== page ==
Sense & Sensitivity by Harriette Cole

Reaching Out to an Ailing Loved One

DEAR HARRIETTE: I just learned that my godfather has pancreatic cancer. He is a very private man, so I don't want to offend him by saying anything wrong, but I definitely want to contact him to see if I can do anything to help. I don't think his illness is a secret. My mother told me about it. I am scared, and I don't know what to do. Everything I have read about this disease is horrible. How can I be a good goddaughter to him at this terrible time? We don't live in the same town, so visiting him is not an immediate option. -- Eggshells, Racine, Mich.

DEAR EGGSHELLS: You are thoughtful to be concerned about not embarrassing your godfather or invading his privacy. What's most important is that you let him know that you are thinking about him and that you love him. By all means, pick up the phone and call him. Ask him how he is doing. He will tell you whatever he feels comfortable sharing. Tell him about your life and what you have been doing of late.

The simple act of sharing your own joy and experiences can be fulfilling, and it has nothing to do with your godfather's illness.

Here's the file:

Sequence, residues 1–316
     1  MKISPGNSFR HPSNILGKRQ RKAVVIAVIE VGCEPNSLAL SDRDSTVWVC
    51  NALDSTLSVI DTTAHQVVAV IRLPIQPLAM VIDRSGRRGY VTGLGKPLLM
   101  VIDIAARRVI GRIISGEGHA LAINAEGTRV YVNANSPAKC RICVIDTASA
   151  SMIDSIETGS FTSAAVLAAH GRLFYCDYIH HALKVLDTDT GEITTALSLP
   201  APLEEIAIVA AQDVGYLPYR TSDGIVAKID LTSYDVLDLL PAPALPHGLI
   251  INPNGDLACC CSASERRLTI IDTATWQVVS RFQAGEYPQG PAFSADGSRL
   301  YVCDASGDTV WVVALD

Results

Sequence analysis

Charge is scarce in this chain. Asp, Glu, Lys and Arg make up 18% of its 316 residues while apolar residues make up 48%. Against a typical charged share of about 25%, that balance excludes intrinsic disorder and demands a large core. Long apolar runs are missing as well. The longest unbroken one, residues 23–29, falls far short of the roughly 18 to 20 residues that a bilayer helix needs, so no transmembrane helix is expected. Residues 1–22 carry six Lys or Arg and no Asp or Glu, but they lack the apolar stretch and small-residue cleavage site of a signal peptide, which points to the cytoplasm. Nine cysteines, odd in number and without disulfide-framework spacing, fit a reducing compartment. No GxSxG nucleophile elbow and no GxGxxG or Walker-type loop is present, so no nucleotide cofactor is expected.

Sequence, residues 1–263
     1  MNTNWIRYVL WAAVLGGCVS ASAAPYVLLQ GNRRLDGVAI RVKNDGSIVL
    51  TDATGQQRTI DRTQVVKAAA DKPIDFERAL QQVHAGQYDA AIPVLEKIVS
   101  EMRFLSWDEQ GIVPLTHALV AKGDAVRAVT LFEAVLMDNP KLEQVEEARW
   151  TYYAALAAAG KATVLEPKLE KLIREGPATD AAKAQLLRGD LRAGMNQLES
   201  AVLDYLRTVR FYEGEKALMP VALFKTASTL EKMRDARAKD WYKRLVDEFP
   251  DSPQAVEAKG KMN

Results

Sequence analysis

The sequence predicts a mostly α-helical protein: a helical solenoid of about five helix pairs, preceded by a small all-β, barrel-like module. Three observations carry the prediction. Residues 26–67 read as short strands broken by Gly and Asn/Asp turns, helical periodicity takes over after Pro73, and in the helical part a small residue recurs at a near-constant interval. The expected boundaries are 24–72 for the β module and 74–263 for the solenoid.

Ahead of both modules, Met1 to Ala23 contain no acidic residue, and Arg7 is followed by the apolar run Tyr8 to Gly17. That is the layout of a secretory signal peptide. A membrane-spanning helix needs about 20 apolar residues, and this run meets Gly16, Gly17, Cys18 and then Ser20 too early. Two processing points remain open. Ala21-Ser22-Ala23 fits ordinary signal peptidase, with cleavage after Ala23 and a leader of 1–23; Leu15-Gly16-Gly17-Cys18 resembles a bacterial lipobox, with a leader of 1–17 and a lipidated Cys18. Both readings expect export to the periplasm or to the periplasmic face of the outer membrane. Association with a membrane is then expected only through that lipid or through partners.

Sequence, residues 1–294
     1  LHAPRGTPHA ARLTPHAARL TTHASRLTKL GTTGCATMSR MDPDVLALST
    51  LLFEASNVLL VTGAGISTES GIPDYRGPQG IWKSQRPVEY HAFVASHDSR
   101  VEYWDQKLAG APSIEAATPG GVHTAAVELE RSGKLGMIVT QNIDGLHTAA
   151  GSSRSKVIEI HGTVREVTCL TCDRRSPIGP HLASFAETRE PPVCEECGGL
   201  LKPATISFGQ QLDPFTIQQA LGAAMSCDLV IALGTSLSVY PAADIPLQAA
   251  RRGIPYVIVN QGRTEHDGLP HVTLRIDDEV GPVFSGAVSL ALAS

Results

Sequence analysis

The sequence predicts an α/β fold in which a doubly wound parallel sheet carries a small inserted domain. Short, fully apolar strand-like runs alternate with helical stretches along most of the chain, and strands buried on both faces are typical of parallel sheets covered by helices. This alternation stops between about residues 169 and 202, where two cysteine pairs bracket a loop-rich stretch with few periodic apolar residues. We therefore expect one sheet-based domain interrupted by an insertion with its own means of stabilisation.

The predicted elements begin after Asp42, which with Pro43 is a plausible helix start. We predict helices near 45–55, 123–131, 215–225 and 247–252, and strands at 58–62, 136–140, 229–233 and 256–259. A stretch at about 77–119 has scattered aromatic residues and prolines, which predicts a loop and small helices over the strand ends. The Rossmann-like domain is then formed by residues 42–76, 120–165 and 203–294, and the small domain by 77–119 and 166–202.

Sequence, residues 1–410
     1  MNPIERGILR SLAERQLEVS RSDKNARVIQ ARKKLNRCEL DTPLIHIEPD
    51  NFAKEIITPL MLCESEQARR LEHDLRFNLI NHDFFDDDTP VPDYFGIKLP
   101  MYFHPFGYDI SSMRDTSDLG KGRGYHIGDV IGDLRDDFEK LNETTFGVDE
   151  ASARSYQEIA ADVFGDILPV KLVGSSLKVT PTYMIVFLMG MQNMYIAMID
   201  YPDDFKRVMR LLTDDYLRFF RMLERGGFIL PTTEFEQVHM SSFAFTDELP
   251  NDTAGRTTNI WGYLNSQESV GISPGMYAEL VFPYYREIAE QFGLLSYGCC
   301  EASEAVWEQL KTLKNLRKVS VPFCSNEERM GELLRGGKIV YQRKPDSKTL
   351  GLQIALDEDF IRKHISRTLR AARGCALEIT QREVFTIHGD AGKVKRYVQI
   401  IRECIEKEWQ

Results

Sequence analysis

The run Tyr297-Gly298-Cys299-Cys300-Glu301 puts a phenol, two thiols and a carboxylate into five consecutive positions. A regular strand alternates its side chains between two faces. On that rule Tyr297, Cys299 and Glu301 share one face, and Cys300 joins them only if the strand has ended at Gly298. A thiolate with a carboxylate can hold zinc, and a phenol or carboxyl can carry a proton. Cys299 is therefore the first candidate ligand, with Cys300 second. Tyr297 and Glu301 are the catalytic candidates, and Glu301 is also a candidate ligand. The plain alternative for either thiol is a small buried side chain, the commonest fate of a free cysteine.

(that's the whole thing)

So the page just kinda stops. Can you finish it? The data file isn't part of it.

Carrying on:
Before you get off the phone, ask him if there is anything you can do for him. If he does give you a recommendation, be sure to act on it immediately. And be more attentive. Call him once a week. Plan a visit in the near future, if he would like that.

DEAR HARRIETTE: I voted in my city's local primary elections like I always do, and I'm bummed. None of my candidates won. I feel deflated. I know that there's no magic wand you can wave to get your candidate, but I am not nearly as excited now that my candidates lost. How can I become more enthusiastic about the political process? Honestly, right now I feel like it is a waste of my time to even vote. -- Disheartened, Queens

DEAR DISHEARTENED: Part of the democratic process is that more than one candidate runs for elective office. In the primaries, there are even more candidates so that citizens can select within their party for the "best" candidate who will oppose the "best" candidate from the other party in the general election. Naturally, not every candidate wins.

What is exciting about our process is that we do have choices and we have the freedom to vote for our choices. No, our candidates don't always win, but just look at some other countries around the world where the political process does not allow the citizens to vote for their own choices. Our system is not perfect, and there will be plenty of times when we become disappointed, but we enjoy the freedom of choice that is elusive for millions around the world.

To become more enthusiastic, consider volunteering for your political party of choice or for a particular candidate. Know that you may not always win, but by immersing yourself in the system, you will learn how it works and how it can be improved. Get involved!